February 7, 2016
With this move the new neoliberal government is seeking to end the legal conflict that according to them keeps the country out of international capital markets.
The government of the conservative Argentine President Mauricio Macri has reaffirmed its proposal to pay US$6.5 billion in cash to holdout creditors, commonly referred to as the vulture funds, in a bid to end a decade-long legal dispute.
This figure is barely the 25 percent of the total of US$9 billion debt, but finance secretary Luis Caputo, who made the proposal on Friday after five days of negotiations in New York, is very optimistic about his proposal and said some creditors have already accepted it.
IN DEPTH: Vulture Funds
With this move the new neoliberal government is seeking to issue new debt securities to raise cash and pay the holdout hedge funds led by NML and Aurelius, “to overcome the conflict” that according to them “keeps the country out of international capital markets.”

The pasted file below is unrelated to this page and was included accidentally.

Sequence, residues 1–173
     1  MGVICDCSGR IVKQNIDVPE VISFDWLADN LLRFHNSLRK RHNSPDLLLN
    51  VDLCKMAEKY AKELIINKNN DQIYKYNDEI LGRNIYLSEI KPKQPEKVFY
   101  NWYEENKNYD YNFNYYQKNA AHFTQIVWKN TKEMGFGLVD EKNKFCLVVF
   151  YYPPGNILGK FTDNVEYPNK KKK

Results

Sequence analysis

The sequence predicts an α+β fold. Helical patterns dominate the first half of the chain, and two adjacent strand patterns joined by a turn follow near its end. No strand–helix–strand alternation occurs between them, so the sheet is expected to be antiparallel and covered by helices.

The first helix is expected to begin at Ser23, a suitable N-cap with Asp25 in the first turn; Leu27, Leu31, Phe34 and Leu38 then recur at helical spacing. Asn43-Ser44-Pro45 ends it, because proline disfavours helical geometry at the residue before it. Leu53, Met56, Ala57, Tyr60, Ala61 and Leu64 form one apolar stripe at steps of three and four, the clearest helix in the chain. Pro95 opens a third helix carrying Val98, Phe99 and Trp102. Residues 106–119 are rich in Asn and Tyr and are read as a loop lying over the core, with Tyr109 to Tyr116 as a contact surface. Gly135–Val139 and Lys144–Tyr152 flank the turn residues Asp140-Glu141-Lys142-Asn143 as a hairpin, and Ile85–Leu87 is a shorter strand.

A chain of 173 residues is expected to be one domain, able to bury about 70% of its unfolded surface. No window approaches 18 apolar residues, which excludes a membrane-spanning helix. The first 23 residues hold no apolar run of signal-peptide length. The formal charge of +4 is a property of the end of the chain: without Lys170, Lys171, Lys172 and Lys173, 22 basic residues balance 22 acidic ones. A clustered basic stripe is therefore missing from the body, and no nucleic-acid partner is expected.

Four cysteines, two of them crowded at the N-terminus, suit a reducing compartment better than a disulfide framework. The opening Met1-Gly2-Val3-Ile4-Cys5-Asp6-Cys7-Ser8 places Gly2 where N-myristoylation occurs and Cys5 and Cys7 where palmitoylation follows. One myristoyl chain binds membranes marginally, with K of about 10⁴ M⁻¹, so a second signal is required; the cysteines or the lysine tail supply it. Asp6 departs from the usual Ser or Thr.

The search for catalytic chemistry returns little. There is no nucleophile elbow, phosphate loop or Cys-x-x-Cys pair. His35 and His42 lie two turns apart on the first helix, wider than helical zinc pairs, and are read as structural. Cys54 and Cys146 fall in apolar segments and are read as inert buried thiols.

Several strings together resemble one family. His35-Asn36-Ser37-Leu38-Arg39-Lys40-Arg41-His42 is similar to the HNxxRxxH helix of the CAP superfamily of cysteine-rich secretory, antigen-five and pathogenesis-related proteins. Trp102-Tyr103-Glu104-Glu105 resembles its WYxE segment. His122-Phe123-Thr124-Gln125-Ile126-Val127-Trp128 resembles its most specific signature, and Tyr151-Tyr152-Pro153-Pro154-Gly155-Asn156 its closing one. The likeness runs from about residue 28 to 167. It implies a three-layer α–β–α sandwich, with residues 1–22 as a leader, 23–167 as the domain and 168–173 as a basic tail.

During his election campaign, Macri vowed to reach an agreement with holdout creditors that sued the country for more than US$1 billion after the country defaulted on its debt in 2001.
In July 2014, U.S. Federal Judge Thomas Griesa controversially blocked a deposit of US$539 million from the Argentine government, instead demanding holdout claims be paid in full. Shortly afterwards, the government of then president Cristina Fernandez declared a “partial default” despite showing the will and capacity to pay 90 percent of its creditors on a month by month basis.
The financial policies adopted by Fernandez and her late husband Nestor Kirchner were aimed at confronting and battling the vulture funds and Wall Street financial interests. They always questioned the holdouts’ actions and were supported by several world leaders, well-known economists, other countries, and even the United Nations, which created a new legal framework for sovereign debt restructuring to limit the actions of the vulture funds.
Argentina under the Kirchner-Fernandez leadership brought to the South American country development, industrialization, scientific and technological advances. However, the Macri administration has shown in the first two months a series of aggressive neoliberal policies that many say will reverse the economic, social and political gains from his last two predecessors.